Storage

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Encrypt Your Data With EncFS (Debian Squeeze/Ubuntu 11.10)

Encrypt Your Data With EncFS (Debian Squeeze/Ubuntu 11.10)

EncFS provides an encrypted filesystem in user-space. It runs without any special permissions and uses the FUSE library and Linux kernel module to provide the filesystem interface. It is a pass-through filesystem, not an encrypted block device, which means it is created on top of an existing filesystem. This tutorial shows how you can use EncFS on Debian Squeeze/Ubuntu 11.10 to encrypt your data.

Proxmox VE 2.x With Software Raid

Proxmox VE 2.x With Software Raid

Proxmox Virtual Environment is an easy to use Open Source virtualization platform for running Virtual Appliances and Virtual Machines. Proxmox does not officially support software raid but I have found software raid to be very stable and in some cases have had better luck with it than hardware raid.

Striping Across Four Storage Nodes With GlusterFS 3.2.x On Ubuntu 11.10

Striping Across Four Storage Nodes With GlusterFS 3.2.x On Ubuntu 11.10

This tutorial shows how to do data striping (segmentation of logically sequential data, such as a single file, so that segments can be assigned to multiple physical devices in a round-robin fashion and thus written concurrently) across four single storage servers (running Ubuntu 11.10) with GlusterFS. The client system (Ubuntu 11.10 as well) will be able to access the storage as if it was a local filesystem. GlusterFS is a clustered file-system capable of scaling to several peta-bytes. It aggregates various storage bricks over Infiniband RDMA or TCP/IP interconnect into one large parallel network file system. Storage bricks can be made of any commodity hardware such as x86_64 servers with SATA-II RAID and Infiniband HBA.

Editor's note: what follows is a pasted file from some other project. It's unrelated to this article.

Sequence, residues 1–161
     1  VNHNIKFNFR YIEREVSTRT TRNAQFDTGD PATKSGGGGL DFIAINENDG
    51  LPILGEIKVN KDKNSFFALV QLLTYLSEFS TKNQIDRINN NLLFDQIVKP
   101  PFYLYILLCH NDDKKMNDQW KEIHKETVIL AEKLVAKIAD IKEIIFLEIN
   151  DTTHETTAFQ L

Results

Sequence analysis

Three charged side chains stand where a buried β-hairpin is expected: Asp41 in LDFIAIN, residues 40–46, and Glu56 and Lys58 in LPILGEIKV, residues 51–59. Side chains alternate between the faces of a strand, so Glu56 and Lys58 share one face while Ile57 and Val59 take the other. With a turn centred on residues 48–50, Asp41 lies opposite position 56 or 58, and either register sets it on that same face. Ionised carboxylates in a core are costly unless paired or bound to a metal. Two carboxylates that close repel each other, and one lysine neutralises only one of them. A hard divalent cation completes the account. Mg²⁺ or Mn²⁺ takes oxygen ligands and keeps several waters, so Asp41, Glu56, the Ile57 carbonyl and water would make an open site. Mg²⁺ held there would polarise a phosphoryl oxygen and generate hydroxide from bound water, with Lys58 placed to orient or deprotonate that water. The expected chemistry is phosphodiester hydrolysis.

Distributed Replicated Storage Across Four Storage Nodes With GlusterFS 3.2.x On Ubuntu 11.10

Distributed Replicated Storage Across Four Storage Nodes With GlusterFS 3.2.x On Ubuntu 11.10

This tutorial shows how to combine four single storage servers (running Ubuntu 11.10) to a distributed replicated storage with GlusterFS. Nodes 1 and 2 (replication1) as well as 3 and 4 (replication2) will mirror each other, and replication1 and replication2 will be combined to one larger storage server (distribution). Basically, this is RAID10 over network. If you lose one server from replication1 and one from replication2, the distributed volume continues to work.

Using iSCSI On Debian Squeeze (Initiator And Target)

Using iSCSI On Debian Squeeze (Initiator And Target)

This guide explains how you can set up an iSCSI target and an iSCSI initiator (client), both running Debian Squeeze. The iSCSI protocol is a storage area network (SAN) protocol which allows iSCSI initiators to use storage devices on the (remote) iSCSI target using normal ethernet cabling. To the iSCSI initiator, the remote storage looks like a normal, locally-attached hard drive.

Distributed Storage Across Four Storage Nodes With GlusterFS 3.2.x On Ubuntu 11.10

Distributed Storage Across Four Storage Nodes With GlusterFS 3.2.x On Ubuntu 11.10